The Ambassador in China (Gauss) to the Secretary of State

No. 2218

Sir: Referring to the Embassy’s despatch no. 2018 of January 13, 1944,70 in regard to the “Join the Army Movement” among Chinese university students, I have the honor to enclose a translation70 of an article from the Sao Tang Pao of February 1, 1944, containing Chinese regulations governing the conscription of recent university graduates for service as interpreters with various Chinese military organizations and with the American armed forces.

Summary. The conscription of university graduates for service as interpreters with Chinese and American military units was introduced a few weeks ago in the five major universities in the Chungking area and training classes were started for these graduates on February 1. After a two months’ course in English, American history, government and geography and Chinese history, government and geography, these graduates are to be attached to the Staff Training Corps (San Min Chu I Youth Corps), to Allied forces, to the Chinese Expeditionary Army and to the Aeronautical Affairs Commission with ranks ranging from captain to lieutenant colonel. It is understood that these students will be sent for service in India, Kunming and Kweilin. All recent graduates of Chinese universities are said to be subject to conscription for this service except those in medical and teachers colleges and women students. One-tenth of the number will be selected for study abroad at Government expense after two years’ service and it is understood that all of the students will be eligible without further examination to go abroad at their own expense for study. End of Summary.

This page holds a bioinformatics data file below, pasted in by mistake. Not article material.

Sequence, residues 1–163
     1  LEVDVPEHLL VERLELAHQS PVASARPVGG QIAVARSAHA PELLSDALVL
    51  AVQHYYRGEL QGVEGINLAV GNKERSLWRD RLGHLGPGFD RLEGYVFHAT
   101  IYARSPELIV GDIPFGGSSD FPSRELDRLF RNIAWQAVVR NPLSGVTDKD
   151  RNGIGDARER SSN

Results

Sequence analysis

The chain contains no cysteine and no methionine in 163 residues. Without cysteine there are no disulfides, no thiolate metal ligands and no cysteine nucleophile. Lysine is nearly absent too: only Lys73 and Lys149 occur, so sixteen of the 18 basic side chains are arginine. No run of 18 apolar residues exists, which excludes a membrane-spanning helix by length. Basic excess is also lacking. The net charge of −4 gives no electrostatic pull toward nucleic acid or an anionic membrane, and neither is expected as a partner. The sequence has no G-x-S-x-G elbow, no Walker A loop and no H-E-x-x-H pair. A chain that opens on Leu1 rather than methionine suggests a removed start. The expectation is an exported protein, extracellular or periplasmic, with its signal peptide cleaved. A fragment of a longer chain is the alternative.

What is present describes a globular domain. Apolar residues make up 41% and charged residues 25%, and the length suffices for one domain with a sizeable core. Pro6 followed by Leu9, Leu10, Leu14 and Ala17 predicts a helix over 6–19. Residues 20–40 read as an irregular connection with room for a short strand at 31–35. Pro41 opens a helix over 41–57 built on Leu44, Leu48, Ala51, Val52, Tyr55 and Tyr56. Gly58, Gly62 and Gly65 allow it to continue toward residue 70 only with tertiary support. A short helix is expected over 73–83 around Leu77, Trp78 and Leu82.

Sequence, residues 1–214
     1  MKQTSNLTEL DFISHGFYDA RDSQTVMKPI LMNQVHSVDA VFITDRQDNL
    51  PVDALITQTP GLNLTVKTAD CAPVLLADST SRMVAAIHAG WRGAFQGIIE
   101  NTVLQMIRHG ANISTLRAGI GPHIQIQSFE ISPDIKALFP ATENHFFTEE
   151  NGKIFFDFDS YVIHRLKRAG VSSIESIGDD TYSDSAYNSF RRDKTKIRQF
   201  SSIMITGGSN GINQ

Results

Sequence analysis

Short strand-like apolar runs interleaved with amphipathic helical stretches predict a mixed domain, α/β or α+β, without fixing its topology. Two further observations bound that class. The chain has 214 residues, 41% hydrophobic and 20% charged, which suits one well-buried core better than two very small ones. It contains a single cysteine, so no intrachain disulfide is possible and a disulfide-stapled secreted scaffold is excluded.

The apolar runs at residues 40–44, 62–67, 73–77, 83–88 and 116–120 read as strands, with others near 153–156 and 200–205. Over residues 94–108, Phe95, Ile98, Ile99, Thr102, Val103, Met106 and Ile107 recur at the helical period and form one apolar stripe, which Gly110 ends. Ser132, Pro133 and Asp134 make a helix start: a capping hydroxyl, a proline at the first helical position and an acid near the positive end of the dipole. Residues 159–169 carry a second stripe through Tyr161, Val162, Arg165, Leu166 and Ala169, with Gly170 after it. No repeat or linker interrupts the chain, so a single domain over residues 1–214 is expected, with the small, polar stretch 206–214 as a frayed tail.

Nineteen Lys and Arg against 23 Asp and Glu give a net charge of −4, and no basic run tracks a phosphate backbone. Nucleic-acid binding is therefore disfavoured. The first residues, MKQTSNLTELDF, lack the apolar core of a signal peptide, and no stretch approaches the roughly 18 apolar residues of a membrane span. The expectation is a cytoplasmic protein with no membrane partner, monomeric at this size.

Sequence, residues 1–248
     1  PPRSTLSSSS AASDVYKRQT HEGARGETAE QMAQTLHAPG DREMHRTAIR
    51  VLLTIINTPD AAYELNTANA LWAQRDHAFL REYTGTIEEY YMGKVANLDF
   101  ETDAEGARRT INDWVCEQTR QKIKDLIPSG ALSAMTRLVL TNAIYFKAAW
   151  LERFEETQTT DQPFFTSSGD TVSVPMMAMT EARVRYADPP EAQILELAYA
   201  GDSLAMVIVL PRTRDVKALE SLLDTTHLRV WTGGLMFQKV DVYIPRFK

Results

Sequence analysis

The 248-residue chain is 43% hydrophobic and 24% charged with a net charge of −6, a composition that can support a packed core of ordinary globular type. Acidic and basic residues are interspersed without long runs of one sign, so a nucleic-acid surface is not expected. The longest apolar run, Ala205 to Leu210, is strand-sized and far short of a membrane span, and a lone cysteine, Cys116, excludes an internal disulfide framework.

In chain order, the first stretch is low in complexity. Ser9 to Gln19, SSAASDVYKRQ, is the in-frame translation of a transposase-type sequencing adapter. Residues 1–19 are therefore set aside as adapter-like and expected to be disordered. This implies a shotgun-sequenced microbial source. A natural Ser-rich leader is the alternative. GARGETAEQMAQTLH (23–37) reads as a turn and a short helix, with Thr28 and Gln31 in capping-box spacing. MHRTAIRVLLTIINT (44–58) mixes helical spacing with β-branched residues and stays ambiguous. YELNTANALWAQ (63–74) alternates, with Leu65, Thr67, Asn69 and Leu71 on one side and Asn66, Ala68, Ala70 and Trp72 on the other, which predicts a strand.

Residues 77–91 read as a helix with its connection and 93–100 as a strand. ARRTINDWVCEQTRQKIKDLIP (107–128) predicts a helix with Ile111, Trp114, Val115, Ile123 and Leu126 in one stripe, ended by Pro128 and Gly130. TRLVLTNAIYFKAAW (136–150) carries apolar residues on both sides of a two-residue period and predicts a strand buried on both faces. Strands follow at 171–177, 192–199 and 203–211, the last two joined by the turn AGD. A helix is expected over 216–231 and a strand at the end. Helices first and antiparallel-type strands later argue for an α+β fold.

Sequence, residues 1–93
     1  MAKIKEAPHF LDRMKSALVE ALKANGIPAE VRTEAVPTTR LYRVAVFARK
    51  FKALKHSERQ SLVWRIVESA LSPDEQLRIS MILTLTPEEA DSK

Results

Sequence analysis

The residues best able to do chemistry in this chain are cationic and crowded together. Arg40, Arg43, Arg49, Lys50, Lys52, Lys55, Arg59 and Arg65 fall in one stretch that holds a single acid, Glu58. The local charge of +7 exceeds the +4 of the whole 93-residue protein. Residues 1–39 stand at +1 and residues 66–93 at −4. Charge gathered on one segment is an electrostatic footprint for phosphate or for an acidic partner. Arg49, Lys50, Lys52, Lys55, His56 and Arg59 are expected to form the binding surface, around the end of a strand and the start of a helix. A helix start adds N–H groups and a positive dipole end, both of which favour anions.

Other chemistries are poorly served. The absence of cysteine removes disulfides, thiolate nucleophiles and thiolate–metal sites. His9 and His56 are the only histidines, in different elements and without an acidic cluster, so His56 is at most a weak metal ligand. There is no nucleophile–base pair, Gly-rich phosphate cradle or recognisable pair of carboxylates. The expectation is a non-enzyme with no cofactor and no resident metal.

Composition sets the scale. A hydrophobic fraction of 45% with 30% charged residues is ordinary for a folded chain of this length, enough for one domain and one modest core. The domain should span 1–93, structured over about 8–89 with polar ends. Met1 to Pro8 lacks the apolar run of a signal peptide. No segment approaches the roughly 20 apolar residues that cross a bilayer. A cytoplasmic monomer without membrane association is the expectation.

It is believed that the conscription of university graduates for service as interpreters with the Chinese and American military units may have arisen from the desire of the Chinese authorities to meet the anti-Chinese feeling among American troops as well as to provide necessary interpreters for the armed forces. Chinese student reaction has been one of mixed approval. Chinese observers state that the students are pleased to have an opportunity to go to India and possibly the United States for further study after the completion of the service but that many of the students whose English is insufficient for work as interpreters are distressed at the prospect of such service, as they realize that a two months’ course of training is scarcely likely to enable them to acquire any great facility in the English language.

Respectfully yours,

C. E. Gauss
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